Tuesday, May 18, 2004


(lacy socks) This project is from Nancy Bush's "Folk Socks", The History & Techniques of Handknitted Footwear. I am making them out of Targhee that I spun last month. The Targhee roving was a gift, so I do not know who to give credit to, but it is by far, the cleanest and prettiest roving I have ever had the pleasure to spin. This is "first time Targhee" for me, and I discovered that the that the staple is relatively short (maybe 3 inches) but soft and fine with a tight crimp. I read that most people would spin Targhee with a great deal of twist, and ply it. I broke the rule, and spun it with just enough twist to hold a fine single with about 20 wraps per inch. I had also read that Targhee is excellent for constructing anything that will be worn next to the skin (including babywear!)...and so it was my choice to use it for the lace socks.
The pattern for the lace socks can be found on page 83 of "Folk Socks", and it looks much harder to knit than it really is. I must admit that knitting these socks is both inspirational and motivational. The original sock, made of linen, can be found in the Daughters of the American Revolution Museum in Washington DC. There is no information available about who designed it, or the date etc., and so I find my imagination wondering about these things as I knit. And I will have much time to wonder, as these socks are knit on 4 size#000 double points. The pattern is worked on 102 stitches over 7 rounds.
One more thing about the targhee...I had knit a swatch to check my gauge, and when I finished, I unraveled it and cut it into 6-8 inch lengths and draped them in the Quince bush and on the fence railing. I have been delighted to watch the Baltimore orioles, Common Yellow Throat, Catbird, and Northern Parula all collecting these bits of handspun to incorporate into the nest. They used up all the targee, and I dug into my felting basket and came up with some cotton I had spun years ago. They have been using that as well. The Yellow Warbler is the snob, preferring only bits of Angora that it collects from the rabbit hutches.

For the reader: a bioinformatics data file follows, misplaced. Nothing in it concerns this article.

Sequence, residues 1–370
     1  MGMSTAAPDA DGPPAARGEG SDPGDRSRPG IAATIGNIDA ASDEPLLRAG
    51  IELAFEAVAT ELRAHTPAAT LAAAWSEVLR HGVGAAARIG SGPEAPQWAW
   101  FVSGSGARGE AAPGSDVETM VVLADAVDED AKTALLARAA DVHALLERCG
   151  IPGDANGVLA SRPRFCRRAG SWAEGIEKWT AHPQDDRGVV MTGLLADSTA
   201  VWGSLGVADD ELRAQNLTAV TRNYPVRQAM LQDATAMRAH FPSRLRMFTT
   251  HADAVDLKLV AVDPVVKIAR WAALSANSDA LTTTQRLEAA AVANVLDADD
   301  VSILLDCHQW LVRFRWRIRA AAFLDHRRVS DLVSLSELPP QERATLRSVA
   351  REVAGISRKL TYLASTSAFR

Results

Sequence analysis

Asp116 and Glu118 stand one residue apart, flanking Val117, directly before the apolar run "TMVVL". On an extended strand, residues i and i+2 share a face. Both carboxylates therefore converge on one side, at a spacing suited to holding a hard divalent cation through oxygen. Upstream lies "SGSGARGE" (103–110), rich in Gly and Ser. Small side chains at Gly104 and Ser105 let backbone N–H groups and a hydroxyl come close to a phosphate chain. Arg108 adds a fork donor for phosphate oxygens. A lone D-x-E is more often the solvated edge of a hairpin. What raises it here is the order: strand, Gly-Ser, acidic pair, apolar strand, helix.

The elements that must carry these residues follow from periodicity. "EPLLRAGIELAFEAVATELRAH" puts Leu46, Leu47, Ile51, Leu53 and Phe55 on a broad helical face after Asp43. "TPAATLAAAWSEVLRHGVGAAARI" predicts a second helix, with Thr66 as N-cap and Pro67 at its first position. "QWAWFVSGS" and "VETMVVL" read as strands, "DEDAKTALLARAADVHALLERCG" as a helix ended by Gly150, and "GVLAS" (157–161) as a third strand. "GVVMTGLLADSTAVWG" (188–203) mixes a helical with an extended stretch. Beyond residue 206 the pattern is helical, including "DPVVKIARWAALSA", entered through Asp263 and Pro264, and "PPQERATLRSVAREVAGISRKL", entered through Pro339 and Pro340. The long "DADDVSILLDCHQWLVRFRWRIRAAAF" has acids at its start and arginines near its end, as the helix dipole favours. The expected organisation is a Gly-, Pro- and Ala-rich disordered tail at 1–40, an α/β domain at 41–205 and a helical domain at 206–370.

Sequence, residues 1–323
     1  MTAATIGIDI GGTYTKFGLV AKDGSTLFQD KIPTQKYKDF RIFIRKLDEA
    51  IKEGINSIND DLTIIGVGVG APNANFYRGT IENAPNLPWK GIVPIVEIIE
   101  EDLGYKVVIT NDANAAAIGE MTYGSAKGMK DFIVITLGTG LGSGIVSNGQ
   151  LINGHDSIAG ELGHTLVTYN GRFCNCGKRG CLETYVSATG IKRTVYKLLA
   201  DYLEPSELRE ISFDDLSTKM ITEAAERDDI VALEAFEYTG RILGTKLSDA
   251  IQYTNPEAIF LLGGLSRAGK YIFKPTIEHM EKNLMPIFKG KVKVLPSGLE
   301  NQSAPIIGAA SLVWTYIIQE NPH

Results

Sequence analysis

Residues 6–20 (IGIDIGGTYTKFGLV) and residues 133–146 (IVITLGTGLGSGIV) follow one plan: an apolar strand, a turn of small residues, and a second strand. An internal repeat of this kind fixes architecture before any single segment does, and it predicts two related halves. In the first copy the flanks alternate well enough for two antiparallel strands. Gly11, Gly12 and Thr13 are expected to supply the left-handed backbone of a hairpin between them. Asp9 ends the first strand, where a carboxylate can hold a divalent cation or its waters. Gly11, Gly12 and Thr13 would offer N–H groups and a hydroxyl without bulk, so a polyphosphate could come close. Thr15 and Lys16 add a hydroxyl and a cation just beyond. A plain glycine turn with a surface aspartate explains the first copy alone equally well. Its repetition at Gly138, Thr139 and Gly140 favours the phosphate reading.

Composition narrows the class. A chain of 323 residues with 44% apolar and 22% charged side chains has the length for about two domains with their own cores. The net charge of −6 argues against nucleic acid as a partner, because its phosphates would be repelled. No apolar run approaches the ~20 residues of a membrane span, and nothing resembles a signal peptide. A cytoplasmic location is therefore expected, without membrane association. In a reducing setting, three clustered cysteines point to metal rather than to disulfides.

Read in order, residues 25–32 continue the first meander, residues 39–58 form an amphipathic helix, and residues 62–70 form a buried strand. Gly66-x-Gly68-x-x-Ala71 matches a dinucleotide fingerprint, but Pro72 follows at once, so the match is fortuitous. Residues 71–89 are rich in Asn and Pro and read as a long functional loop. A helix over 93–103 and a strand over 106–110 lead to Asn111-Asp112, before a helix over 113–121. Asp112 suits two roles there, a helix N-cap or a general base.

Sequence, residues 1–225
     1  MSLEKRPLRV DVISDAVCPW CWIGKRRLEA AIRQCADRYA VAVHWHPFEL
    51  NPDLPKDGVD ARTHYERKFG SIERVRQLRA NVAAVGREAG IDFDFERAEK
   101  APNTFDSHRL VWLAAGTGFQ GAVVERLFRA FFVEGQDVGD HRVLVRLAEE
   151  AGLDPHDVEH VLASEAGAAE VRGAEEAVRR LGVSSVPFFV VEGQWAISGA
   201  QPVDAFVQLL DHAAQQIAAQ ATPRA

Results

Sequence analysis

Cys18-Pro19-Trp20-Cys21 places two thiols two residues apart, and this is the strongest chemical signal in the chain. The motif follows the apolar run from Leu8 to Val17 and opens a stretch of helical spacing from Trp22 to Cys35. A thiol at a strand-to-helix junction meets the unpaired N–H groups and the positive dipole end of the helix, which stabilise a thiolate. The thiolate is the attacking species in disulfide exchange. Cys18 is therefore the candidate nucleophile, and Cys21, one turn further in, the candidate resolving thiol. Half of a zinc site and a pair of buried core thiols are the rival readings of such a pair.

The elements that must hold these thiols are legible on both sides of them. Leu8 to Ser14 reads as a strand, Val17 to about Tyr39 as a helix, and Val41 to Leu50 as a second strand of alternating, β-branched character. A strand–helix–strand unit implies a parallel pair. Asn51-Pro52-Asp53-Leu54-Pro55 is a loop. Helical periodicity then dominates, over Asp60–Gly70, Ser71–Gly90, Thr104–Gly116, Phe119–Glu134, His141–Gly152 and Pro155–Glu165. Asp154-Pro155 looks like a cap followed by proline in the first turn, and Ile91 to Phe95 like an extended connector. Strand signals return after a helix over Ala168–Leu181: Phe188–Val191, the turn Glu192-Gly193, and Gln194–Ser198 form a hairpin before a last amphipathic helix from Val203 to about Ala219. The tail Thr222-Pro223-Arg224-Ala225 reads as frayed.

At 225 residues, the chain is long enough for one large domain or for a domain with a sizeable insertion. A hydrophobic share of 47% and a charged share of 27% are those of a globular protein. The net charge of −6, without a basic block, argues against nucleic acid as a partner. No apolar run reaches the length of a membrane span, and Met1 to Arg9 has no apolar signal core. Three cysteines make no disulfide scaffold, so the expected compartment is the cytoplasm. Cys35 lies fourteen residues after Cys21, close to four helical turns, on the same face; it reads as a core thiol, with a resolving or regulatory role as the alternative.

1 comment:

Cindy said...

Very nice knitting on the socks! The smallest needles I have used for socks are a DP size 2, so you have my admiration.

I have not ever put yarn out for the birds, but I do know they can pick up and use the darnest things in nests. When I got married we had the reception at my house. In the spring, I found a nest in the bushes, that had ribbon in it, it had to have been from the favors on the tables.

And there was a small nuthatch nesting in the rafters of the front room of my bunny barn this spring. I saw the babies fledge finally so I took a look at the nest. It was stuffed full of angora. Once I wrote a post on the rabbit internet board about what to do with unusable angora. One of the ideas, was to put it out for the birds, and I said, 'baby birds raised in angora nests are much happier, and happier birds stick around to eat more bugs' :)

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